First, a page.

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Lutheran School 'grows' New Room

Lutheran School 'grows' New Room image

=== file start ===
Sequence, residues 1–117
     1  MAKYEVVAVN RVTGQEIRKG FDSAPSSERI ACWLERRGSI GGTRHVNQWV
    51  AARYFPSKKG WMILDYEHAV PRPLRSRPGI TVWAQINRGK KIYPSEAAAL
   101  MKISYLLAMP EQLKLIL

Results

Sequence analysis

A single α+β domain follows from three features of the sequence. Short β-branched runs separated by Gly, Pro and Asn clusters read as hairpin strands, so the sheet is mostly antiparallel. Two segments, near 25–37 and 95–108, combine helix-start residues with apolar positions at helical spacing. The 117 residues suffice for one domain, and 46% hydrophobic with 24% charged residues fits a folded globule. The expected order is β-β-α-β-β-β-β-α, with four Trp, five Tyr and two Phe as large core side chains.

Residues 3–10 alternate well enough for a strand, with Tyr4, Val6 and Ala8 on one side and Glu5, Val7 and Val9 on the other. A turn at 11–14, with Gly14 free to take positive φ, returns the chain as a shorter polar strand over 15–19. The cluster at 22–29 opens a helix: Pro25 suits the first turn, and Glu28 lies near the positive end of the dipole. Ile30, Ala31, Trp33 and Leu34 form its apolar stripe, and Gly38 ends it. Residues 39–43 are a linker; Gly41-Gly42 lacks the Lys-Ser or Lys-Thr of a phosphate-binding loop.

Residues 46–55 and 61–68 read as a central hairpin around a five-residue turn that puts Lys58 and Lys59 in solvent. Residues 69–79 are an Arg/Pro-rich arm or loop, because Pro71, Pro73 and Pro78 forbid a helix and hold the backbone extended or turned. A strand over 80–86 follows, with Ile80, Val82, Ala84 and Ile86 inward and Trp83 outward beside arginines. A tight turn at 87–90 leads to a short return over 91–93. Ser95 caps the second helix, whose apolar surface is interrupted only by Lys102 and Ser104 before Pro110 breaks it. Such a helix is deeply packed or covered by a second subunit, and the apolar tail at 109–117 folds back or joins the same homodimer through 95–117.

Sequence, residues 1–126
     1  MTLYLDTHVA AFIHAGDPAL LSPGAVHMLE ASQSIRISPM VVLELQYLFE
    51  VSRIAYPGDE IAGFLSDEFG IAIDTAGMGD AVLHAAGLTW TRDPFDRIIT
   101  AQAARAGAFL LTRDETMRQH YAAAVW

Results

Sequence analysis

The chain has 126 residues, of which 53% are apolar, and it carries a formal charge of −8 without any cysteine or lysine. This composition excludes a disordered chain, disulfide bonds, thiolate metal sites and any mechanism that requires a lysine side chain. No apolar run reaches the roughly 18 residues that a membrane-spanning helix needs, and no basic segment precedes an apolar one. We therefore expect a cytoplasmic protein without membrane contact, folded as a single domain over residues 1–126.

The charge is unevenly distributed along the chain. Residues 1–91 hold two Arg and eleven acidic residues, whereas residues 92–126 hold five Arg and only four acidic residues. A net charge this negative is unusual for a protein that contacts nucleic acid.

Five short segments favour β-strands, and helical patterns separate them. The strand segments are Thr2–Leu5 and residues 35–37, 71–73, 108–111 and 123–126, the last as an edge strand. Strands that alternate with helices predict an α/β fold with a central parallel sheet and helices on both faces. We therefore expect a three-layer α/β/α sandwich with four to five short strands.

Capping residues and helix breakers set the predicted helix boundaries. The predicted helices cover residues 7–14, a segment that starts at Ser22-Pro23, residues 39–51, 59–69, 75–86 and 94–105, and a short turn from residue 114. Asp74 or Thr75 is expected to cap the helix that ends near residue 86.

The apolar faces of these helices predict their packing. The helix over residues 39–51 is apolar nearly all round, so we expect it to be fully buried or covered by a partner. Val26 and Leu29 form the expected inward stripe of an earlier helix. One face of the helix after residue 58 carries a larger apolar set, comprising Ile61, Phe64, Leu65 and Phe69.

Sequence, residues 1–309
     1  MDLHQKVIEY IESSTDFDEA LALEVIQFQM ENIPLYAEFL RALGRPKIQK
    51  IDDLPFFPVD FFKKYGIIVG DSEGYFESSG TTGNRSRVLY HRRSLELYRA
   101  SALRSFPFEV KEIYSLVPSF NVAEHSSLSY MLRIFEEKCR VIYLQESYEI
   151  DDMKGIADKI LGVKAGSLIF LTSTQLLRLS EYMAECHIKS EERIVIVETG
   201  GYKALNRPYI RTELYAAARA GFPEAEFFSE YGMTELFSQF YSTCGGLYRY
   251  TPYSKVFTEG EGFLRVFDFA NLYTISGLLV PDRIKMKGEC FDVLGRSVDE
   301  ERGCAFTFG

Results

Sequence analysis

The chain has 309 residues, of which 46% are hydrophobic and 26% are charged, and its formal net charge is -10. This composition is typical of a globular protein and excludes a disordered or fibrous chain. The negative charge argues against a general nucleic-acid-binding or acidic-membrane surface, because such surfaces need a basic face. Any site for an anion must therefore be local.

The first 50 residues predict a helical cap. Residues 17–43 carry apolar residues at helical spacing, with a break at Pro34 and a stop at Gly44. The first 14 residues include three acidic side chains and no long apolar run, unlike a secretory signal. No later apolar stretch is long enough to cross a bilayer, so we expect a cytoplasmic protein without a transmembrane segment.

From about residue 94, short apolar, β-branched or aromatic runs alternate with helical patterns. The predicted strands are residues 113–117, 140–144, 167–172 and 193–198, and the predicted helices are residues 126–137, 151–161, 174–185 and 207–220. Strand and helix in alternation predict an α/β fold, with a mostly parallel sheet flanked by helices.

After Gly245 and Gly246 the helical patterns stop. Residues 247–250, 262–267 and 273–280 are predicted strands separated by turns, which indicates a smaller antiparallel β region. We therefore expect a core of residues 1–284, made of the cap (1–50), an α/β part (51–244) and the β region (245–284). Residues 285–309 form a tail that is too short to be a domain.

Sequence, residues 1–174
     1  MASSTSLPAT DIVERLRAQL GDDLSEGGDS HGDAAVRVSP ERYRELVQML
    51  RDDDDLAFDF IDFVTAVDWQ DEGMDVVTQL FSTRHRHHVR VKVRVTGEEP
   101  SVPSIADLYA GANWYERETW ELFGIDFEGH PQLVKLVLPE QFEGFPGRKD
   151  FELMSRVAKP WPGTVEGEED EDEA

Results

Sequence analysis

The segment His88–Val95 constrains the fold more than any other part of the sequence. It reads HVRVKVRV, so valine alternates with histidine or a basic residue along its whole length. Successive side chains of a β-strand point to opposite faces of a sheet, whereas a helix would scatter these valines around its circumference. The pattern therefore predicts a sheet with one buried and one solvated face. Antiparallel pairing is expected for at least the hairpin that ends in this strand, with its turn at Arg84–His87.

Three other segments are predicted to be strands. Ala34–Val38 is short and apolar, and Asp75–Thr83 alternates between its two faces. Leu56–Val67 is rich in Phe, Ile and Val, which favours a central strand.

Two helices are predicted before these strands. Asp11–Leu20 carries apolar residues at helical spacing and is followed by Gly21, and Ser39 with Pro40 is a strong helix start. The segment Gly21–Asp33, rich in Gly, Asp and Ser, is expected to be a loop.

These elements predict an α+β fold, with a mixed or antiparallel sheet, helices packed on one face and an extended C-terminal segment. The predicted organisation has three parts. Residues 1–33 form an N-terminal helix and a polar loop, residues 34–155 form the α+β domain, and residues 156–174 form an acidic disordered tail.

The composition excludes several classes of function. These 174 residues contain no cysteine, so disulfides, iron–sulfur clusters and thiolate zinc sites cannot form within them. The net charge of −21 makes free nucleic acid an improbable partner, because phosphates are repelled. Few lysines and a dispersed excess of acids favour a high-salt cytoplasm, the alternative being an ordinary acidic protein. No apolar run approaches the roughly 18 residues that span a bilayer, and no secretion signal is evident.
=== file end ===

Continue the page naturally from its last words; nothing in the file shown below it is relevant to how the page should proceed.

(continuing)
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Ann Arbor no longer has its one-room schoolhouse. Redeenier Luthern School, located at 1360 Pauline, has instead grown to two roomsand has added another grade and teacher in the process. Built in 1946, the school's one modern classroom had in the past proved adequate for the number of pupils attending. But this fall, 30 pupils enrolled- too many to be handled by one teacher, according to Raymond Manthe, principal and teacher. Moreover, the Redeemer Lutheran p a r e n t s requested that the school be expanded and another grade (seventh) be added. "They want to keep their children in a Christian day school as long as possible," Manthe explained. And so, the one-room schoolhouse became a two-room school when Redeemer Lutheran opened its doors Wednesday. Eileen Hartwig, a recent gradúate of Dr. Martun Luther College in New Ulm, Minn., was recruited to become the school's second teacher. Miss Hartwig is teaching kindergarten through the third grades. She comes to her new job with one year's teaching experience at a Lutheran school in Mission, South Dakota. Manthe, who last year taught all the children, now instructs the fourth through seventh graders. And he is already planning ahead for the 1969-70 school year, when an eighth grade is expected to be added. This year's enrollment of 30 students is an increase of two over last year- a trend which has been continuing for several years now. Manthe attributes the increase to a number of factors, one of the most important being "a strong desire by the parents to have religious training for their children." This "strong desire" is also shown, Manthe says, by the parents' willingness to financially support a second teacher. The school is supported mainly by Redeemer Lutheran Church's congregation, supplemented by tuition fees of non-member students. Redeemer Lutheran belongs to the Wisconsin Synod. The school is fully accredited and meets all state requirements, though it wiE accept no state aid whatsoever because "we believe in complete separation of church and state," Manthe says. Most of the classes are taught separately with science and social studies being the only courses taught to combined grades. Religión class continúes to be an extremely important part of the day, when a Bible story is read and discussed and hymns are sung. The kindergartners are ed in the religión classes during their morning schedule, though Miss Hartwig says the lack of a piano in her room makes singing a bit difficult. The children are taught by modern methods ("new math" is studied, for example,) and strict discipline is maintained by Manthe and Miss Hartwig, with the full support of the parents. Interestingly enough, not all the children at Redeemer Lutheran are of the Lutheran faith. Three are not, but they must take religión class- a required class- along with their Lutheran classmates. Religión is required since the school was founded to promote that faith, as well as to edúcate the children in all other subjects. The advantages of a oneroom school, enumerated by Manthe in an earlier interview, are sure to be maintained even though the school now consists of two rooms. These advantages include a great amount of individual attention which can be focused upon each child (Manthe has 14 students, Miss Hartwis has 16), and the fact that the children learn to b e c o m e "independent studiers."